Winterizing Your Pond in 10 Steps

In our decades of experience at Aquatic & Garden Decor, we’ve found that it is not necessary to completely drain and clean your pond every year. However, you do need to remove leaves and sludge that have accumulated throughout the growing season. The following steps are the process we use to prepare our ponds for winter.

Step 1.  Remove all potted plants, including water lilies, from the pond.

Clean the pots by trimming the roots that have grown out of the pots, and pull away all debris that has collected around each pot, and then set them aside. Please refer to our ‘Aquatic Plant Care’ tip sheet for winterizing instructions for specific plants, including which to cut back for winter.

Step 2.  Remove the oxygenating plants from the bottom of the pond.

Lay these plants in y­our yard and rinse with fresh water to clean them up. Trim away all of the nicest, greenest oxygenators (discarding the rest), and store them in a bucket of clean water until plants are ready to be returned to the pond.

Step 3.  Dredge your pond with a fish net that has a flat edge.

Slowly drag the net along the pond shelves and across the bottom of the pond to remove as much thick debris, leaves and sludge as possible. Place the debris in a bucket and discard it. If you move the net slowly enough, your fish will naturally swim away from it. If you accidentally catch one, simply pull it out of the net and place it back in the pond.

Step 4.  After the pond is dredged, place cleaned and winterized plants in the correct winter location per our Aquatic Plant Care tip sheet.

Bunch all of your trimmed stems of oxygenators together, and tie them with fishing line, dental floss, etc., and secure them to a rock or weights. Then place them back in the deep section (18”-36”) of your pond.

Step 5.  Larger waterfall pumps, that are deeper in the pond where the water will not freeze, can remain in place for winter.

If your pump is located inside a ‘pump bag’, clean off any algae or debris that has accumulated on the bag. Smaller pumps located on shelves or in shallow water should be moved to the deep section (18”-36”) of your pond for winter.


Please remember: We do not recommend running your pump in the winter. Running a pump in the pond to keep a hole in the ice will only make the pond water colder and encourage a thicker layer of ice on the pond. Also, as the perimeter of the pond and/or waterfall freezes, the ice can divert the moving water out over the edge of the pond, thus draining it!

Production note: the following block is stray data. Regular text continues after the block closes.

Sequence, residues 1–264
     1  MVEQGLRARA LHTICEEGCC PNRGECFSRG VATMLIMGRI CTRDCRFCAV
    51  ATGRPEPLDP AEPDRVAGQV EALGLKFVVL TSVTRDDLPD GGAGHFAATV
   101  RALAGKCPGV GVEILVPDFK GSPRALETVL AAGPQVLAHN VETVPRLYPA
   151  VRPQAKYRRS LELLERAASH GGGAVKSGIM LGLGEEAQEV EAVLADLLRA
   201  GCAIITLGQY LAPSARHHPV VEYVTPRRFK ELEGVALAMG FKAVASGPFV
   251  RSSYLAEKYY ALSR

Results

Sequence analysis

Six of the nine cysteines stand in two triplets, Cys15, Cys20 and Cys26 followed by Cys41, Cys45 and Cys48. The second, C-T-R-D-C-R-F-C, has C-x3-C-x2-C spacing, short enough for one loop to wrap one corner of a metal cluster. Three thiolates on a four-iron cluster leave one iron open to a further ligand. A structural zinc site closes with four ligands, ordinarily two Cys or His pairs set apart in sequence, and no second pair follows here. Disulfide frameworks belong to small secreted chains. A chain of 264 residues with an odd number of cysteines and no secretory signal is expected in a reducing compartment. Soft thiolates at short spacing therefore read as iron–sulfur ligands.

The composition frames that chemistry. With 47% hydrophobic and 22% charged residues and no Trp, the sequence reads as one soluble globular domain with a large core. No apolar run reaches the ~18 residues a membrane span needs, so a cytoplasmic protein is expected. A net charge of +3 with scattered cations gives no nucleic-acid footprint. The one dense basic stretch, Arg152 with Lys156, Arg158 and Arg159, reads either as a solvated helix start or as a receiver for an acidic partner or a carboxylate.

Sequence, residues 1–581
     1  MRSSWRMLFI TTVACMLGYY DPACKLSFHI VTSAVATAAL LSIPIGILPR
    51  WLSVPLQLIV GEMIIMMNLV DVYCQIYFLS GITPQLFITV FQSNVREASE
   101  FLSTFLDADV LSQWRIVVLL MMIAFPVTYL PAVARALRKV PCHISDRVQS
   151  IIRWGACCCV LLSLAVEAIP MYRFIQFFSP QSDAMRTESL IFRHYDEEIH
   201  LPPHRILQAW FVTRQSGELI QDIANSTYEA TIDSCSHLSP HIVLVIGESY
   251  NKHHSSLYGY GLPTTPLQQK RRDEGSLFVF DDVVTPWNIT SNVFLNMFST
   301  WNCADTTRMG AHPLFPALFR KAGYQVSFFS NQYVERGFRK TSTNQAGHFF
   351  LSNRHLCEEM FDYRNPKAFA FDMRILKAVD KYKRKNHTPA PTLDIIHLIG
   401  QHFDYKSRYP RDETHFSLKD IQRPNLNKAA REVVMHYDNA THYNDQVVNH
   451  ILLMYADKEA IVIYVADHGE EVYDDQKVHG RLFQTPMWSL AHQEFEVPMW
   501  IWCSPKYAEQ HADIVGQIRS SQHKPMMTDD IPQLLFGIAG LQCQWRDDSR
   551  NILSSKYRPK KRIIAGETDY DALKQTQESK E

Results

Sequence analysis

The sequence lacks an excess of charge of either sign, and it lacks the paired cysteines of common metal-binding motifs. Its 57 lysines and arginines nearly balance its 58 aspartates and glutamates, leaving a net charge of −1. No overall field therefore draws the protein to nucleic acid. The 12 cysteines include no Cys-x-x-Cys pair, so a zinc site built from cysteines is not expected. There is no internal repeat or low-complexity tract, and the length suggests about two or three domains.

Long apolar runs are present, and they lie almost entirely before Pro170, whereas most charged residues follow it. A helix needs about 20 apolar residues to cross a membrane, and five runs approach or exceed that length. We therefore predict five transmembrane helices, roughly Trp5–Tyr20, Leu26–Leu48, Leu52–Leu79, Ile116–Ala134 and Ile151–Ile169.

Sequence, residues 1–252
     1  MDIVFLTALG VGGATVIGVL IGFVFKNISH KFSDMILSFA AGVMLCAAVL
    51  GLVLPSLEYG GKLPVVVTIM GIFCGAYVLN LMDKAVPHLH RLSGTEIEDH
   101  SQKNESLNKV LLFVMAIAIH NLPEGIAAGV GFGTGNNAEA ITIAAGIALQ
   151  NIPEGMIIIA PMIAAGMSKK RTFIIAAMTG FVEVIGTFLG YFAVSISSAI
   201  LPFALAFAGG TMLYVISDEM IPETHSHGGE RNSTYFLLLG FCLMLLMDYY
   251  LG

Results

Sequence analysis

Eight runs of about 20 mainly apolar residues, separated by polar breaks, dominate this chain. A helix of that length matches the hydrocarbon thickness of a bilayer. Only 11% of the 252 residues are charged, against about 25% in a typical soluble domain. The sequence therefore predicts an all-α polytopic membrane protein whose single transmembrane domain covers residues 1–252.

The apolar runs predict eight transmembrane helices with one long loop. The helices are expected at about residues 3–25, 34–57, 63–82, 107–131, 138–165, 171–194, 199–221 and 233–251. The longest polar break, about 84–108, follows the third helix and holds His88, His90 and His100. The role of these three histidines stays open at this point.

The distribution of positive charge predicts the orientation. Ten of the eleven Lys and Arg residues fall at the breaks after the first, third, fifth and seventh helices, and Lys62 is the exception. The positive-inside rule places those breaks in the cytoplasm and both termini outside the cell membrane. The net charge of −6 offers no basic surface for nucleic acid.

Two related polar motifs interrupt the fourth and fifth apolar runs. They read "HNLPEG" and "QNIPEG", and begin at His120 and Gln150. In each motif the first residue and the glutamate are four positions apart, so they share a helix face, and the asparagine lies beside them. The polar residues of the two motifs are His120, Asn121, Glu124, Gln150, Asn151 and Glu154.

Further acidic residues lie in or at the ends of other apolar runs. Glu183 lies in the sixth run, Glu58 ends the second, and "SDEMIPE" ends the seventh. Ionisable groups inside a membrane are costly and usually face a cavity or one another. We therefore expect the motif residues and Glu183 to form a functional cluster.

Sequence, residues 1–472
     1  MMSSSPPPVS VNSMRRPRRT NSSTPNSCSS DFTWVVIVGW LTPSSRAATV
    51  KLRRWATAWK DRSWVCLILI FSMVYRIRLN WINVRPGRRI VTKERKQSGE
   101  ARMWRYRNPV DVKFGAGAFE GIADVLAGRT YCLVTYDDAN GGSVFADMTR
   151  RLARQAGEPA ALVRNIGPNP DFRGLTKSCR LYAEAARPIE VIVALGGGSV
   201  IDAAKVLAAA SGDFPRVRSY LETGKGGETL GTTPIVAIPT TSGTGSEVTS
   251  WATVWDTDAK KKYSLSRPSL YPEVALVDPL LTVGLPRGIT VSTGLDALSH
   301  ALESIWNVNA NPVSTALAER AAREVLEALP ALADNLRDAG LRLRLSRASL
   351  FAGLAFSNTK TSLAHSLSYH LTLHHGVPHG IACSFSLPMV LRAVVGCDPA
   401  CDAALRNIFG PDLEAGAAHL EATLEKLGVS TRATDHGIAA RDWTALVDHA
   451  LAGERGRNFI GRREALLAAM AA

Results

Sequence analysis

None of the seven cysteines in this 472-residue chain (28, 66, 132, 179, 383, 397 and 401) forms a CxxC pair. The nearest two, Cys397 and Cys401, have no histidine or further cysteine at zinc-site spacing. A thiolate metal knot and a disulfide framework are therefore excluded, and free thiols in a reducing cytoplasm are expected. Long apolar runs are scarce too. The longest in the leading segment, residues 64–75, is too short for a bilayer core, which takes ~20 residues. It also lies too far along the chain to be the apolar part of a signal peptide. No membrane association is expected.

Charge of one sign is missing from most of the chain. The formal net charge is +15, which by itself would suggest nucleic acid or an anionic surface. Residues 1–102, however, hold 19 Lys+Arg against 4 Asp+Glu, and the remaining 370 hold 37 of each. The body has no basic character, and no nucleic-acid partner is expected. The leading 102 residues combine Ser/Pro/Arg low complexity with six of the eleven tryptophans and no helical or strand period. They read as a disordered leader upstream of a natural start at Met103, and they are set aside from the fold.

Step 6.  During the winter months, it is recommended to maintain an opening on the surface of the pond, rather than allowing it to completely freeze over.

This allows gases harmful to fish to escape and oxygen to enter. The best way to accomplish this is by using a water garden aeration kit. They are extremely energy efficient and offer year-round benefits to your pond and its inhabitants. A thermostatically controlled floating pond de-icer can also be used. Please be advised that an aerator or de-icer is not a substitute for properly cleaning and winterizing your pond.

Step 7.  In order to keep falling leaves and other debris out of your pond during the winter, place a piece of netting or a screen over the pond.

Stretch it tightly and anchor the edges with rocks, bricks, stakes, etc. It is also a good idea to place a few pieces of wood, rigid PVC pipe, etc. across the pond, under the netting, to prevent the netting from sagging into the pond.


Your pond is now ready for the winter.


In the event that your pond has excessive sludge and debris, or is deeper than 30”, a partial draining may make it easier to perform a more thorough cleaning. You can drain your pond down to just below the shelf (approximately half the depth of your pond). This also allows for easier access to plants, especially lilies and oxygenators on the bottom of the pond. At Aquatic & Garden Decor, we carry a utility pump that you can attach a garden hose to, which works very well for this.


When re-filling, if you have fish, you must use a de-chlorinator, based upon the amount of new water added. The de-chlorinator available at Aquatic & Garden Decor is the same one we use in our ponds, and it is safe for water plants. It removes chlorine and chloramine, while protecting and repairing the fish’s slime coat. Always read and follow the directions on the package.


All products and accessories discussed in this tip sheet are available at Aquatic & Garden Decor. Stop by or contact us today!

Download the PDF version of this tip sheet for easy printing.